Hannah and Martin
TimeLine Theatre Company
I will never be able to possess you, but you will henceforth belong in my life, and my life will grow with yours.
We never really know what we can become for others through our being.
–Martin Heidegger, from a letter to Hannah Arendt
In a postshow Q & A, first-time playwright Kate Fodor said the principal challenge of writing for the stage was the need to be “representational.” By this she referred to Hannah Arendt’s model of political science, which held the unfettered airing of every perspective to be the only reliable safeguard against totalitarianism. Just as liberal democracy relies upon this check against the right, left, and middle, engaging drama requires a realistic, subjective characterization for every role, even those that seem mouthpieces for damnable sentiments.
It’s a sound approach with a rich pedigree. Shakespeare’s ability to sink into each and every character, no matter how incidental, is key to both his poetics and to his importance as a thinker and social critic–the latent dialectics in his work function because every dog has its day, letting the logic work itself out. Shaw’s humanization of every angle underlies his sarcastic charm. And Aldous Huxley’s modernist masterpiece Point Counter Point triumphs thanks to his successful articulation of the 20 or so isms racking early-20th-century history.
Fodor’s tack is well suited to her Hannah and Martin, which is both abortive romance and cerebral investigation. And the way its method and subject matter indirectly rebuke the nazification of post-9/11 America hasn’t been lost on director Jeremy B. Cohen, who alludes to the looming allegory in his program note. Since the play concerns the tragedy of a mighty idealism that destroys itself via cocksure implementation in the real world, its implicit accusation and apology gain resonance from a multiplicity of fully realized voices. There are no monsters in Fodor’s or Arendt’s universes, only struggling, deluded spirits who think they can save the world by destroying it. A poignant commentary on Heidegger and our president alike–the banality of evil indeed.
The play is based on fact: In the 1920s Martin Heidegger, perhaps the most important thinker of the 20th century, and Hannah Arendt, who would become famous for her coverage of the Nuremberg and Eichmann trials, met as professor and student. An intense affair ensued, which ended with Heidegger sending Arendt off to study with a colleague, Karl Jaspers. As Hitler rose to power, Heidegger, influenced by his wife and possessed by romantic notions of a German “revival,” lent his mind to the National Socialists, legitimizing their ideology by aligning it with his. Meanwhile Hannah, a Jew, fled the creeping police state, landing in New York in 1941 after an eight-year layover in a French labor camp. When she returned to Germany after the war, her disgraced Svengali prevailed upon her to rehabilitate his name.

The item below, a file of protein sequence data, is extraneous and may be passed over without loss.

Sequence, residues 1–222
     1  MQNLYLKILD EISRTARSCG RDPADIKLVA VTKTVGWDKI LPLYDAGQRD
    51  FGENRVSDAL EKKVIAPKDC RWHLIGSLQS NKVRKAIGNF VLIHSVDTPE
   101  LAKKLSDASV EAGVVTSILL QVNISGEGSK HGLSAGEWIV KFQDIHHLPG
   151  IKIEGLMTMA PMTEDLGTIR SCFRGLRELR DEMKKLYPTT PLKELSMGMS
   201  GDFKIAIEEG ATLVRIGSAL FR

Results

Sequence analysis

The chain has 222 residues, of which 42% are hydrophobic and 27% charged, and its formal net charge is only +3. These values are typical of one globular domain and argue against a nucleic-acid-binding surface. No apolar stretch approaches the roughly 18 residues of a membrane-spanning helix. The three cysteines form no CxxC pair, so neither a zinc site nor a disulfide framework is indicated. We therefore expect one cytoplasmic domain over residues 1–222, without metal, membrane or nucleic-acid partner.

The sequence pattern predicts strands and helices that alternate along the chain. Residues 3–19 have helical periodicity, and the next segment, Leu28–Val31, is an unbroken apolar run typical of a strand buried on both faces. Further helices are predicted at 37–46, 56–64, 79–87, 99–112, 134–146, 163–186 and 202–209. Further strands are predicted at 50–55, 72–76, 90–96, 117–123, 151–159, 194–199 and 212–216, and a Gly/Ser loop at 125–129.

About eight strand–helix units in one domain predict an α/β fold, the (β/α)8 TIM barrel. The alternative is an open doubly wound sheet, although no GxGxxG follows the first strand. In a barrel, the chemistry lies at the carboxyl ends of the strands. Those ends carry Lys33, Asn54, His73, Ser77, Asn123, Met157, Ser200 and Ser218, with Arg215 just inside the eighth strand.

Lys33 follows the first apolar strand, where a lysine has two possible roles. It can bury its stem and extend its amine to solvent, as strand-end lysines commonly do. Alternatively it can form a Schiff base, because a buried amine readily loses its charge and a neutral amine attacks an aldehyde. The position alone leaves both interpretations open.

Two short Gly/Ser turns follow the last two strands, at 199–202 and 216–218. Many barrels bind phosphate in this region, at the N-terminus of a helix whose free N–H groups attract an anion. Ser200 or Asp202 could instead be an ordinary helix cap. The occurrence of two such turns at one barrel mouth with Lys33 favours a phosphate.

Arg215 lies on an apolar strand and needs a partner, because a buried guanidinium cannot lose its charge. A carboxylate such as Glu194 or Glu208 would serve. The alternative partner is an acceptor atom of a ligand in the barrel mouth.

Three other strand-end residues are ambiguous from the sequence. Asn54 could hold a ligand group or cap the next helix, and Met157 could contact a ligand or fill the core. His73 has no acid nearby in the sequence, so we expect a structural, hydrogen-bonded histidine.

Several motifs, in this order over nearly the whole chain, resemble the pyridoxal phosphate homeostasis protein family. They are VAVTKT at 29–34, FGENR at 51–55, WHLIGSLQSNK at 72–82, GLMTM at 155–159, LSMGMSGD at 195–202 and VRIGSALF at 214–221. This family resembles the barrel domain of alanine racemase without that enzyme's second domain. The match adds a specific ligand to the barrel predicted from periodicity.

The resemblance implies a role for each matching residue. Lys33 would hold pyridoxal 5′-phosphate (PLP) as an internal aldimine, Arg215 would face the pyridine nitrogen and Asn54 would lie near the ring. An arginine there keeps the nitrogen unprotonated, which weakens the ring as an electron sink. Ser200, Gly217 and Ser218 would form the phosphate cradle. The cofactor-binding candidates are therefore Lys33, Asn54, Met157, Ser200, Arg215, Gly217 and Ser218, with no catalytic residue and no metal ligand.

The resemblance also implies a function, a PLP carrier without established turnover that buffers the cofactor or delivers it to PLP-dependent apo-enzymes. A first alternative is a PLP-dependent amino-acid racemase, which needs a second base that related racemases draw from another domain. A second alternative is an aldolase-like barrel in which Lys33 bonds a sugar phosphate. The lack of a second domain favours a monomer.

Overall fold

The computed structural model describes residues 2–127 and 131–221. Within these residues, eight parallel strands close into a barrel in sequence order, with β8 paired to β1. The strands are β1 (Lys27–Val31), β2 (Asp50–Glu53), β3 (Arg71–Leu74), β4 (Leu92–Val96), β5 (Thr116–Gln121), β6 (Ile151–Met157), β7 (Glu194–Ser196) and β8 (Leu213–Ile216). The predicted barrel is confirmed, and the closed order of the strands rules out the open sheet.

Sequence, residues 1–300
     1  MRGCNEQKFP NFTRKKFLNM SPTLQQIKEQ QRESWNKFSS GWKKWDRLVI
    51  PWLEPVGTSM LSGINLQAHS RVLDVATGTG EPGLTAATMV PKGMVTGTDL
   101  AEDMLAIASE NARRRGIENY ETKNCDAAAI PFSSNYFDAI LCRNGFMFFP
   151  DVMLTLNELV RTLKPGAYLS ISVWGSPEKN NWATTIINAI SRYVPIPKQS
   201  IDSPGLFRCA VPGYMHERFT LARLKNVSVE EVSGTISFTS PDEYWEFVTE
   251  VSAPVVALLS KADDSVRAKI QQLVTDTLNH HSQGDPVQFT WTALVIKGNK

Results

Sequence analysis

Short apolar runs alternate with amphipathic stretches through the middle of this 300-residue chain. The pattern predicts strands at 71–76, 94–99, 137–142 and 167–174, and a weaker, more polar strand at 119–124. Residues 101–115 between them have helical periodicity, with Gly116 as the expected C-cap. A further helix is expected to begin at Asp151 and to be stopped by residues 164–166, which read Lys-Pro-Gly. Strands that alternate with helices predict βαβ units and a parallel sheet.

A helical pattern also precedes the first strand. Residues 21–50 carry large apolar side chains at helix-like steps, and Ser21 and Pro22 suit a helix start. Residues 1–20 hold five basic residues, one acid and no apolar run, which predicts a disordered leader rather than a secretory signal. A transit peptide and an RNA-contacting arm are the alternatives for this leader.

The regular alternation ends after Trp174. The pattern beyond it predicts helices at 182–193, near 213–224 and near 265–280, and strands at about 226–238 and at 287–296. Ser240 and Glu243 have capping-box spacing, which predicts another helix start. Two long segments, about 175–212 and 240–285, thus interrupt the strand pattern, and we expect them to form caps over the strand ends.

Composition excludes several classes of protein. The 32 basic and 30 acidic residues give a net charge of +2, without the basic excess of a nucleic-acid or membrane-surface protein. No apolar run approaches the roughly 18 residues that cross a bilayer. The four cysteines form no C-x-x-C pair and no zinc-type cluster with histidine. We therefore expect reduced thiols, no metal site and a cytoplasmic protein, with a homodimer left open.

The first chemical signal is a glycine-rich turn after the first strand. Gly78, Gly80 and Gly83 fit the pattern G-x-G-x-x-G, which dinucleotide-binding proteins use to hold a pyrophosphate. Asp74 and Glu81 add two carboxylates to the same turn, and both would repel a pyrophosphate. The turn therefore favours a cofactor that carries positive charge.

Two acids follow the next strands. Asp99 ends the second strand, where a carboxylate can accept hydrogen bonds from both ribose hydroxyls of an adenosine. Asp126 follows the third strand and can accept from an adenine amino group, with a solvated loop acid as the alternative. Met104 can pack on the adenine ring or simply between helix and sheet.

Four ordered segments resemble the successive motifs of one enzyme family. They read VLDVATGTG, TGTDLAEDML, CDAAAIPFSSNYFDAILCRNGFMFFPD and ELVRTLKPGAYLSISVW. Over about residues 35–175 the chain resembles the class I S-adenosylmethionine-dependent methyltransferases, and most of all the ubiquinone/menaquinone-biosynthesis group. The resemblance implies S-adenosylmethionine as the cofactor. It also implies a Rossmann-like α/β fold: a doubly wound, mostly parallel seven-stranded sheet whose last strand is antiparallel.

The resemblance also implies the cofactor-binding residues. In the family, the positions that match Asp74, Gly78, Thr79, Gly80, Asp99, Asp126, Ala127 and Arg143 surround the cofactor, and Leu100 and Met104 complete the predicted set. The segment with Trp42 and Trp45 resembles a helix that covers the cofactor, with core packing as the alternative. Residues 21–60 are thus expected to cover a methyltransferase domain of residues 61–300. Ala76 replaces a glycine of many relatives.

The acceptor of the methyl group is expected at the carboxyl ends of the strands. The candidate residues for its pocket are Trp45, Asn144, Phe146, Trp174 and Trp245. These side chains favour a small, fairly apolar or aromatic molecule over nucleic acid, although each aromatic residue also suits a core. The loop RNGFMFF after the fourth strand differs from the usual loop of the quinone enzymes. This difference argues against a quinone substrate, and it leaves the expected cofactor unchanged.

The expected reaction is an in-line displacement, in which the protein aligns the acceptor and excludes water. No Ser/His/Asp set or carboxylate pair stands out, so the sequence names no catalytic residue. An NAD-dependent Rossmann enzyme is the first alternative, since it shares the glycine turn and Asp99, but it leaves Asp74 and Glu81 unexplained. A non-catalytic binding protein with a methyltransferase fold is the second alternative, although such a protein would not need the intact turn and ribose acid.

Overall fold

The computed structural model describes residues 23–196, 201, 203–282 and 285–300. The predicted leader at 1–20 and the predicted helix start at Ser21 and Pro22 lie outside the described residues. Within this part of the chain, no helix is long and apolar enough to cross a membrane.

Hannah and Martin, drawn largely from letters between the two, exists in a historical void: the moment when Arendt decided to begin a public defense of her former lover. Scenes in which Hannah’s horrified young protege demands an explanation bookend the show and repeat several times; Hannah sketches an abbreviated account of her involvement with Martin in flashbacks, beginning with their meeting in 1924 and ending with their postwar reunion. In many ways Hannah and Martin isn’t a play at all but a “representational” peek inside Arendt’s hypothetical mind.
Arendt had ample reason to hate Heidegger. Like his rabidly pro-Hitler wife, he made anti-Semitic, proto-McCarthyite accusations against Arendt’s first husband, a student who, like her, had sought out Heidegger as a rising academic star. Jaspers, the friend Heidegger handed Arendt off to, was excommunicated by Freiburg University under Heidegger’s watch as rector in the high days of the Reich because his wife was a Jew. Heidegger never raised his voice against the rising tide of racism, even in support of his Jewish mentor Edmund Husserl; instead he became an enthusiastic tool for the Nazis. (Heidegger was very likely as powerless as he’d later claim. But it’s one thing to be silent, fearing reprisal; it’s another to declare, as in Heidegger’s infamous address to the Freiburg student body, “The Fuhrer himself is the future of Germany and its law.”) In general, Heidegger’s absolutist philosophy helped destroy the Germany Arendt loved. Later he used her to reclaim his place in history, and her complicity in the process echoed her submissive relationship to him as lover and acolyte, disturbing given her otherwise defiant worldview and international stature as an ethicist.
But Fodor’s script also hints at the voices compelling Hannah toward forgiveness. In fact the playwright casts her as a courageous figure willing to follow her own principles even to their peril and her own disgrace. Whether she lost her innocence to Martin or not, he was undeniably her key intellectual influence. If the corruption of his philosophy proved a tragedy for the world, it also doomed the fiercely brilliant young man who first inspired her and dealt an awful blow to the discourse he’d helped generate. And they had been lovers: the letters explode with rapturous abstractions, dazzling expressions of a smoldering, hyperconceptual ardor. At least in the flower of their romance, Arendt made a bizarre sensualist of Heidegger, something gorgeous to behold in a mind so large.